Education Publications

Case Study: Curran Public School

Case Studies

September 01, 2013

This case study was prepared as part of collaboration between Music: Count Us In and the Music in Communities Network. A Music Australia initiative.

Curran Public School is located in the Macquarie Fields Public housing estate in Western Sydney.  The school runs mainstream and specialist Autism classes and staff members come from a range of teaching backgrounds.  The school population includes 13 per cent Aboriginal students and 22 per cent Pacific Islander students.  The community has a significant proportion of families that are unemployed, single parent and with drug or alcohol issues.

Curran Public School draws upon the cultural backgrounds of its community.

  • A Pacific Islander body percussion and drumming ensemble was formed for students who are at risk of disengaging from classroom programs.  This program has assisted classroom teachers with teacher mentorship strategies.
  • A partnership Drumming Program runs with the local high school (James Meehan High).  This combined-schools drumming group performs regularly, for example, a recent rugby league half time performance at ANZ Stadium, Polyfest community performances, presentations at local schools and a South West Sydney Principals Conference.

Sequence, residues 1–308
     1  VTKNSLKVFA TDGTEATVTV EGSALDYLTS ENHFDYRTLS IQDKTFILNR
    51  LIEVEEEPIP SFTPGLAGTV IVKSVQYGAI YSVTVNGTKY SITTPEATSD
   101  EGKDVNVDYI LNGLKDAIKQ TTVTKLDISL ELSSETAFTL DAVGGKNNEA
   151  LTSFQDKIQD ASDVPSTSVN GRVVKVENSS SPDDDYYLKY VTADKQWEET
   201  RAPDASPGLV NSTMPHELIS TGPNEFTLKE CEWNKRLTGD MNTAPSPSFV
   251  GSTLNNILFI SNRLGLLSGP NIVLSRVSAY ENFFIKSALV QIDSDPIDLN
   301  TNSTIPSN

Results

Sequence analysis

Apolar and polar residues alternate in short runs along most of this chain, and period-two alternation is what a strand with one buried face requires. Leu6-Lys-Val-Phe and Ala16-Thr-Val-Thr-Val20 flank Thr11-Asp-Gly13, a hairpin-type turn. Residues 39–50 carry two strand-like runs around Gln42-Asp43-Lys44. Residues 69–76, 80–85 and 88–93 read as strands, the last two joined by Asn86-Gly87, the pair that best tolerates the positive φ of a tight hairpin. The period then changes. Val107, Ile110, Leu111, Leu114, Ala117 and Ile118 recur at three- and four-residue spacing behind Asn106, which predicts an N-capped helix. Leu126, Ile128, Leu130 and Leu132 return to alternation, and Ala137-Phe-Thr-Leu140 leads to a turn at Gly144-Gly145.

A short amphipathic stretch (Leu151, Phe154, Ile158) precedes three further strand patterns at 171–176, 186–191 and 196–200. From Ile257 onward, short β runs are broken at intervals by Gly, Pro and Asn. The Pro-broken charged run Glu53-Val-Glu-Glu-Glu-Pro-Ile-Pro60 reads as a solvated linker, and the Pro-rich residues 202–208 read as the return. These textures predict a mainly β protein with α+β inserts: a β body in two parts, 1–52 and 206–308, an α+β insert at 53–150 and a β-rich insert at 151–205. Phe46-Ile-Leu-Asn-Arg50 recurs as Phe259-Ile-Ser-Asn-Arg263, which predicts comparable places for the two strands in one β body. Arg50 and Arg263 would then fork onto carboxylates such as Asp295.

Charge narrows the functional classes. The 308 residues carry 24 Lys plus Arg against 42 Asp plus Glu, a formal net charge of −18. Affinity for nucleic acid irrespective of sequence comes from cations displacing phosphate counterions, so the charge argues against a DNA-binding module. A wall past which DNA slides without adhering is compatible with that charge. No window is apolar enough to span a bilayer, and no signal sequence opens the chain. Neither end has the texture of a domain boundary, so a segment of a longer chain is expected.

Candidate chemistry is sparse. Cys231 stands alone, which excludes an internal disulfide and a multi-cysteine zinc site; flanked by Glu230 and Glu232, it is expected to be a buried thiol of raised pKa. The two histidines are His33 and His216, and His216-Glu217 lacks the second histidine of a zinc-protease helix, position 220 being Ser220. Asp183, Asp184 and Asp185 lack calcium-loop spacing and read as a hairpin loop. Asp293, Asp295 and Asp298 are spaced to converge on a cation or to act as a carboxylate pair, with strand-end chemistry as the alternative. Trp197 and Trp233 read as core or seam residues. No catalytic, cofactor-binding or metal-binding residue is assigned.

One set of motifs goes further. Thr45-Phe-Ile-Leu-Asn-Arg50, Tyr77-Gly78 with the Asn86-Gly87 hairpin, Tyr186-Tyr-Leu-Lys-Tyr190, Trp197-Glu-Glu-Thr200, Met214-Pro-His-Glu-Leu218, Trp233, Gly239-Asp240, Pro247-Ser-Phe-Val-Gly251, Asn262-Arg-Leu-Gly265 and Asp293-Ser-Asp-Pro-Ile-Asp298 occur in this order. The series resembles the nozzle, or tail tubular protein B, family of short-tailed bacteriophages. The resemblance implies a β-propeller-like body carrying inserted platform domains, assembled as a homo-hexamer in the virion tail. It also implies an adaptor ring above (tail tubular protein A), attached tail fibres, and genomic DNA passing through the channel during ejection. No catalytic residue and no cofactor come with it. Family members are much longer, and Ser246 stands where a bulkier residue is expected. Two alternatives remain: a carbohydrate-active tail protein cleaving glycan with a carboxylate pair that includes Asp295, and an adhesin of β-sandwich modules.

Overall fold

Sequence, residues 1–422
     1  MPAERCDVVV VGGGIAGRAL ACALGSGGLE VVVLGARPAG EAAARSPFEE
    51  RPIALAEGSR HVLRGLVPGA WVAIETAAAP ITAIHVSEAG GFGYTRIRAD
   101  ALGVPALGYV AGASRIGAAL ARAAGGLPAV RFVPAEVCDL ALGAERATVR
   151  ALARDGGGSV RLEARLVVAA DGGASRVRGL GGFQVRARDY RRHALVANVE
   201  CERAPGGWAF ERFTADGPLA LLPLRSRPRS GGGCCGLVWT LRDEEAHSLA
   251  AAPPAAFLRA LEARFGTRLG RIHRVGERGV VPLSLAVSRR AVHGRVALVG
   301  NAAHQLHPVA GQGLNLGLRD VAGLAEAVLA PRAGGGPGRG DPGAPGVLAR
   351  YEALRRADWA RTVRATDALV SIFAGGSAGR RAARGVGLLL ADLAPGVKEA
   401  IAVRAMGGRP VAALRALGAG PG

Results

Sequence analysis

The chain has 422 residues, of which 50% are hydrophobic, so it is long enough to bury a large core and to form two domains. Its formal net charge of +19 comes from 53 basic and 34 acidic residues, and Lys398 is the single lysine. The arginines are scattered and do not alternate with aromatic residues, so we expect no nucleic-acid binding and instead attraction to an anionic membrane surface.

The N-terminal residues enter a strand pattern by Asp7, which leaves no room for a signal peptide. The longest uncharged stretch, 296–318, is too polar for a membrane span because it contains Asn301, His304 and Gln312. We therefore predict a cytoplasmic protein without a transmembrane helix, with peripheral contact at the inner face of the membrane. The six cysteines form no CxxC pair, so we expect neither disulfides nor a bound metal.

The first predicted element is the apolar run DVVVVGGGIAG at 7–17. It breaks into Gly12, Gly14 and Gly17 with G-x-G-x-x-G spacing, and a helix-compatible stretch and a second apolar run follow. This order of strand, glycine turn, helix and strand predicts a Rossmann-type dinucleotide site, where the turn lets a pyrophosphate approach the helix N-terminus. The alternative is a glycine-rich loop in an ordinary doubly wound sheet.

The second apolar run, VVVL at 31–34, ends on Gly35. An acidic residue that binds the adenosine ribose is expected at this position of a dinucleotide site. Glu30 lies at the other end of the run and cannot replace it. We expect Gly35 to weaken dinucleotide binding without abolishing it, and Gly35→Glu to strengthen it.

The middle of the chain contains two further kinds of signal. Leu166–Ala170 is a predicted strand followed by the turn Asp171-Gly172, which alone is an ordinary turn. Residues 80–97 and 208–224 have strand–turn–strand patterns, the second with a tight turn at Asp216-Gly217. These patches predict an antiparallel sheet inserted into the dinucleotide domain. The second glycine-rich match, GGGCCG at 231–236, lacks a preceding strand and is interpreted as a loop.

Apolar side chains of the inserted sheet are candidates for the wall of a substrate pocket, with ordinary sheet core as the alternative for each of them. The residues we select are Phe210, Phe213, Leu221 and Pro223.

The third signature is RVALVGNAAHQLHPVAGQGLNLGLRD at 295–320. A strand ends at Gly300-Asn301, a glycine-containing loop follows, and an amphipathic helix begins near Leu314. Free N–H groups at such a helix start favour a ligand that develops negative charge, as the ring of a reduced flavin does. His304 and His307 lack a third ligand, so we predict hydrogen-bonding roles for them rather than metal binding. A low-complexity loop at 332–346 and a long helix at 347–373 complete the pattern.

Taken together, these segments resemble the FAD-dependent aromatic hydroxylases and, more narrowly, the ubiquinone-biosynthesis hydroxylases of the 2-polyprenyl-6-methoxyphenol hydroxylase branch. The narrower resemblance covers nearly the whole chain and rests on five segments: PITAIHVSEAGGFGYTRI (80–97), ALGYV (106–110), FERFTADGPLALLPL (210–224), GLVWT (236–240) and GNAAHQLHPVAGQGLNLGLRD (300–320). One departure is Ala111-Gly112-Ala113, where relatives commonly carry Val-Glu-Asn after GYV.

• Strong partnerships have been developed with several parents who provide workshops in traditional percussion and dance teaching with a Samoan focus.

These percussion programs involve staff, students and the community.  The school has undertaken several whole school professional development sessions to train teachers in how to bring percussion into the classroom activities.  A professional percussionist and teacher is employed on a regular basis to mentor teachers, guide the school ensembles, and assist with the overall drumming program.

Curran Public received an Australia Council Schools Partnership Grant to expand the drumming program with rhythm duo, Hip Hop Duende.

The percussion programs have achieved great success, as measured by truancy rates, which have significantly decreased since the introduction of the Drumming Program and student anger management issues which have also been reduced in frequency.  Students have clearly demonstrated pride and ownership of the creative process and their musical learning.  This has been shown by the quality of their performances and commitment to the program’s success.

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